Monday, April 12, 2004

LONDON - Thou shalt not have a cow. So says the gospel according to “The Simpsons.”

America’s famous dysfunctional cartoon family will be the subject of a series of evening classes by the Rev. Robin Spittle of the Church of England on the Christian message contained in the popular TV show.

“They are a churchgoing family and they make moral decisions, some of which I agree with, some of which I don’t, but either way they are a great way to open up a discussion,” Mr. Spittle said.

Churchgoers at All Saints Church in Kesgrave, northeast of London, have been invited to attend classes from the end of April on each of the four main family members — parents Homer and Marge, and children Bart and Lisa.

Mr. Spittle, 46, said each episode had Christian themes, even though Homer once described his religion as “you know, the one with all the well-meaning rules that don’t work in real life. Uh, Christianity.”

The minister cited the temptation for Marge and Homer to have extramarital affairs as a recurring story line.

“Both Marge and Homer have found themselves being offered the opportunity to play away from home and they both turn them down,” Mr. Spittle said. “Temptation, choices and doing what’s right — you can’t get much more of a Christian message than that.”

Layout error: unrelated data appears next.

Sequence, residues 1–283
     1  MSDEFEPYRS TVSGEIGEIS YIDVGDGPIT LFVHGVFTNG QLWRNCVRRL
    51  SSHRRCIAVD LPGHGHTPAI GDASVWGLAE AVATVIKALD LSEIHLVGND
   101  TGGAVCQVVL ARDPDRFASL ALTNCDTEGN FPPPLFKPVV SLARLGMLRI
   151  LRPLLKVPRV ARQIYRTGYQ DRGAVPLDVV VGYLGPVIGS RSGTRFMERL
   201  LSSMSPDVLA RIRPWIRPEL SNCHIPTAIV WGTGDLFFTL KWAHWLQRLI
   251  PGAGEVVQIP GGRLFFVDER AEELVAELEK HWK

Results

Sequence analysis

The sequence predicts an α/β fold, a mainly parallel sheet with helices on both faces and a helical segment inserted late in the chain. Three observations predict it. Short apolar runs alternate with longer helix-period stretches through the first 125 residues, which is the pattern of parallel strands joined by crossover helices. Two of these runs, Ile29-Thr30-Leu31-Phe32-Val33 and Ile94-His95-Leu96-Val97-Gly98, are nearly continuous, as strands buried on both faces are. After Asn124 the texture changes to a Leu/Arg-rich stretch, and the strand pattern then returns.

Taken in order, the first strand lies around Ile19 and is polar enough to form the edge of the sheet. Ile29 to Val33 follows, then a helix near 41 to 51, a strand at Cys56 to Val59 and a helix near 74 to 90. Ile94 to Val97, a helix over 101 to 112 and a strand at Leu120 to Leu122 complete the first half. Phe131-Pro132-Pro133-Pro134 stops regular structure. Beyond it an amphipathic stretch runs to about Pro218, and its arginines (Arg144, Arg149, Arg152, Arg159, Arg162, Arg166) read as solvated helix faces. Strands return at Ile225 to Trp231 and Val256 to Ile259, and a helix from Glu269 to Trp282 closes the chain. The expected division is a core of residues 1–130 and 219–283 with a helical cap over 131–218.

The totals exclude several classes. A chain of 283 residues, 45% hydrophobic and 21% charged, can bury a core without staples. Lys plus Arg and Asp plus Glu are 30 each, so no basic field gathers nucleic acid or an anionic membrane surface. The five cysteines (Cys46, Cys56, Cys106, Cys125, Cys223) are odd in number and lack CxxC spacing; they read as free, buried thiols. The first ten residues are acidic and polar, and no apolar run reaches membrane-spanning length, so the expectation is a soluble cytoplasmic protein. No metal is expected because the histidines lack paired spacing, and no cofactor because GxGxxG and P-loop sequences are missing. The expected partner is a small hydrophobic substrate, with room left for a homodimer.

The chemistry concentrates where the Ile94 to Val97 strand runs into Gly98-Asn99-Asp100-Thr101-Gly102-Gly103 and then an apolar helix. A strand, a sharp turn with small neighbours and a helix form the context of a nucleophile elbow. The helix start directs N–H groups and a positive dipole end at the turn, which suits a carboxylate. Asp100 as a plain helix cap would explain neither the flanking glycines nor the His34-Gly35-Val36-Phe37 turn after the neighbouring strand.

The references to Christianity in the hit show have been discussed widely and were the subject of a 2001 book by Mark Pinsky called “The Gospel According to the Simpsons.”

“They have a clever way of covering a lot of ground in a short space of time.

“Each 20-minute show gets a whole message across,” said Mr. Spittle, who has held services in the local pub and used such Hollywood material as the Harry Potter films to teach the meaning of Easter.

The family values — or the apparent lack of them — in the irony- and sarcasm-heavy series were criticized when it first aired in the early 1990s. In 1992, President Bush said American families should be “a lot more like the Waltons and a lot less like the Simpsons.”

The show, now in its 16th season, has long since silenced its harshest critics and gone on to win 20 Emmys and become the longest running prime-time cartoon series in TV history.

The actors who give the voice to Homer’s “D’oh” and to Bart’s “Don’t have a cow, man” have been gaining attention again because their demands for higher pay have halted the show’s production. The trade paper Daily Variety reports that each voice actor is seeking about $360,000 per episode.

Stars Dan Castellaneta, the voice of Homer, and Nancy Cartwright, who plays Bart, have refused to attend recent script readings in response to the pay fight. Other actors on the show — Julie Kavner, Hank Azaria, Harry Shearer and Yeardley Smith — are negotiating new deals but “to no avail,” their representatives said.

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